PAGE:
50 per cent increase of women attending GP’s with breast cancer symptoms

Recent reports in the press have suggested a 50 per cent increase in the number of women consulting their GP’s with breast cancer symptoms. breast-cancer-awareness-campaign-hailed-as-success.20546607 The ISD (Information Services Division) in Scotland have produced a report 2013-03-26-GP-Breast-Symptoms-Summary on GP consultations for the three months from September to November 2012. Whilst the actual figures are not accurate i.e. they have been extrapolated from a small cross section of sample GP surgeries, the Scottish Government has been quick to attribute this increase to their ‘successful’ Detect Cancer Early Campaign with Elaine C Smith earlier in the year. Undoubtedly the public profile of the campaign has increased the number of consultations. However, a certain amount of spin has been placed on this story deflecting somewhat from the actual reality of the report.

Quoting directly from the report:-“There is no specific information available on the number of women consulting their GP with early signs of breast cancer in Scotland” and “We do not know how many of these women who consulted with these breast symptoms went on to be diagnosed with breast cancer“. It could be argued that even if only one woman has had her life saved (or even extended) because of the Detect Cancer Early campaign, then it will have been worthwhile and could be deemed ‘a success’. However, we are very far from drawing any such conclusion. Firstly, we need to know how many extra breast cancers were detected during this period – not how many consultations took place. But, more importantly, we need to know  how many lives were actually saved because of the campaign – and we won’t know this for many years down the line. As with screening, detecting cancer early does not always mean saving a life.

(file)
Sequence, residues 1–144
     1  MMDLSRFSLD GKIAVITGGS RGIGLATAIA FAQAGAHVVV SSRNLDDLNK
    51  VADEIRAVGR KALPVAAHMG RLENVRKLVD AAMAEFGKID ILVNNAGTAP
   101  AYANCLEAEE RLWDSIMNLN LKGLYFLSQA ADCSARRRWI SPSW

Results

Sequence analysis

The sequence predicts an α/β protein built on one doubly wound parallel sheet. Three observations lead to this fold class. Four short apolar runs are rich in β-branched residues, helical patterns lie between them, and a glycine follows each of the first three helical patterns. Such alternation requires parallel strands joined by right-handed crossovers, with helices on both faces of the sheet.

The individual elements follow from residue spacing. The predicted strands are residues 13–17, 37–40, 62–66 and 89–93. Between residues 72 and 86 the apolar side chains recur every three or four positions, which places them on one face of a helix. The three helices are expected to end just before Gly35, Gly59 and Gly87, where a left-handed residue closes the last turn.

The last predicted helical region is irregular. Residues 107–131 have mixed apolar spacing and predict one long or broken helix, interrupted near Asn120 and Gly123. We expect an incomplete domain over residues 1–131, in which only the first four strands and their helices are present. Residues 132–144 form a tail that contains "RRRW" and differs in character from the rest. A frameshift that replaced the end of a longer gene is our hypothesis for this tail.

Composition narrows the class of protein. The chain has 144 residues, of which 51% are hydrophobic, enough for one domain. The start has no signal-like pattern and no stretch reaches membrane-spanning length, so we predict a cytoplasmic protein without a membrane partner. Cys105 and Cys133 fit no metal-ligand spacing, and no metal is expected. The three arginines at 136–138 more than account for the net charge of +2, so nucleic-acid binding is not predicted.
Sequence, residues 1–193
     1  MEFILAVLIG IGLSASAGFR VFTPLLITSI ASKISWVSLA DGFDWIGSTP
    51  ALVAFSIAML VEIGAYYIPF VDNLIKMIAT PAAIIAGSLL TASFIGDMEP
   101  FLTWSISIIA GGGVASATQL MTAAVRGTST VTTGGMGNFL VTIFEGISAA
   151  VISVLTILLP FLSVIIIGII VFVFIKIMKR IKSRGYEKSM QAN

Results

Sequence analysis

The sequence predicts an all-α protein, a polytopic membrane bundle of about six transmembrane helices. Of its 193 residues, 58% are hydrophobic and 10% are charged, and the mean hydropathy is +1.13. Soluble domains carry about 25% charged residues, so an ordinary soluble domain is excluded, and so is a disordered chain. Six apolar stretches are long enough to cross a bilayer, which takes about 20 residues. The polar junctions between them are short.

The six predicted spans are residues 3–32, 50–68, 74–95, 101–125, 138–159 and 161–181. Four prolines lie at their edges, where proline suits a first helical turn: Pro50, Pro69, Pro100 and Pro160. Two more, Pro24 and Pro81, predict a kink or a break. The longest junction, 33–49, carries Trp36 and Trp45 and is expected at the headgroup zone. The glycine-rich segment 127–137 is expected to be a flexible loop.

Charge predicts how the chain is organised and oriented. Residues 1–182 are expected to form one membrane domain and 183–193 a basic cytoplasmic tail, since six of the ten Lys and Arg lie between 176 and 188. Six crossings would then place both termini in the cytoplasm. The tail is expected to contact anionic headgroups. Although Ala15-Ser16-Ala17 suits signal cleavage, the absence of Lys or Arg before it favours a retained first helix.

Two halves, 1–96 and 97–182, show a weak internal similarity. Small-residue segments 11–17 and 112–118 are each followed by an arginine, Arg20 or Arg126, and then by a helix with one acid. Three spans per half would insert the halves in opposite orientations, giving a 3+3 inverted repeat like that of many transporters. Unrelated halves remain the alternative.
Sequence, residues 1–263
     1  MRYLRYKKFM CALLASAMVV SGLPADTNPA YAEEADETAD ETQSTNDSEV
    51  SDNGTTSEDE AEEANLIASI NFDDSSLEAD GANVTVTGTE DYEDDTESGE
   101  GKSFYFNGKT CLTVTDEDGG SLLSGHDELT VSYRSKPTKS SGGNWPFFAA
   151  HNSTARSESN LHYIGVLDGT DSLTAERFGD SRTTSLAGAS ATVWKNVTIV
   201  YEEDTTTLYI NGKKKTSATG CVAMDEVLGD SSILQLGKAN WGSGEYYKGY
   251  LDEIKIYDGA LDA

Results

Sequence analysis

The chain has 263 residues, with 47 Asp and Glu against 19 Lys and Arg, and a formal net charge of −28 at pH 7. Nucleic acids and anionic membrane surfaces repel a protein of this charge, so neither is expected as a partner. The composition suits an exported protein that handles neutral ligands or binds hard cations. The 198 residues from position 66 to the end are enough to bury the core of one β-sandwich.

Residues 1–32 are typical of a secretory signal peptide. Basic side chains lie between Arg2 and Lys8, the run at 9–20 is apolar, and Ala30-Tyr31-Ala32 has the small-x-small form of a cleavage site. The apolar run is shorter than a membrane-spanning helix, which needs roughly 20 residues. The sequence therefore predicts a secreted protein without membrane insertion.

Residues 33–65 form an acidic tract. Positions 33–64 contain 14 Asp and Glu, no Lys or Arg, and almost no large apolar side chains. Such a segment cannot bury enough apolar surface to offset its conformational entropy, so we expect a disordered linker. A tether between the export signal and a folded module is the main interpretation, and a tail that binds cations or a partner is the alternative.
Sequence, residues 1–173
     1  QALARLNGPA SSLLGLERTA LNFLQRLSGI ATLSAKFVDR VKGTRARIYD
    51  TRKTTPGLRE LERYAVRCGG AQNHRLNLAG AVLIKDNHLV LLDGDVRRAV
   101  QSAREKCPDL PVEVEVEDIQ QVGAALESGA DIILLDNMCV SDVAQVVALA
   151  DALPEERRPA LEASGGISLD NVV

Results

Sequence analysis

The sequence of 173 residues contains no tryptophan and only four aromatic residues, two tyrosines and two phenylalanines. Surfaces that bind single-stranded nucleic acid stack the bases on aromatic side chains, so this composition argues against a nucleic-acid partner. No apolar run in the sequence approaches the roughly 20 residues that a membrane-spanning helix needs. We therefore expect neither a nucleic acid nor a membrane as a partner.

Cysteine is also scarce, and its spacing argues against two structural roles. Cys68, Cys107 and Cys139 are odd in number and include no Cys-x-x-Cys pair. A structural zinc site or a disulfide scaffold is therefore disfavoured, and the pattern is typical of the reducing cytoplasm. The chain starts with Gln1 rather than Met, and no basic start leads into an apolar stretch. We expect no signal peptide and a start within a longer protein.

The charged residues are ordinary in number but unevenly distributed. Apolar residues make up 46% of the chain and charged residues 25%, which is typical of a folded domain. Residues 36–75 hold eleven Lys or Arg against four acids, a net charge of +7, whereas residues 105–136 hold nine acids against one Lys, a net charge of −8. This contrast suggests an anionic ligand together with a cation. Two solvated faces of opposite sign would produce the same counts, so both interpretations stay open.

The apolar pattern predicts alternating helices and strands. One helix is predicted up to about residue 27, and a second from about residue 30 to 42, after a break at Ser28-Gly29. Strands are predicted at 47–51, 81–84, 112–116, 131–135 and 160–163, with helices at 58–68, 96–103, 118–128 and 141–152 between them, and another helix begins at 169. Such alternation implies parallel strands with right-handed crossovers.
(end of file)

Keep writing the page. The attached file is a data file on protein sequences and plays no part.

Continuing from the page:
The Detect Cancer Early Campaign, which is still ongoing, is costing £30 million of scarce NHS resources and that does not include the >7,o00 extra GP consultations or any follow up tests for possibly benign disease. Are there more efficient ways of getting the “Breast Awareness” message across? How far would £30m have gone towards improving breast cancer services (including waiting times for radiotherapy and lymphoedema clinics) for the women of Scotland  for those women already diagnosed? And when will this level funding be directed towards primary prevention?

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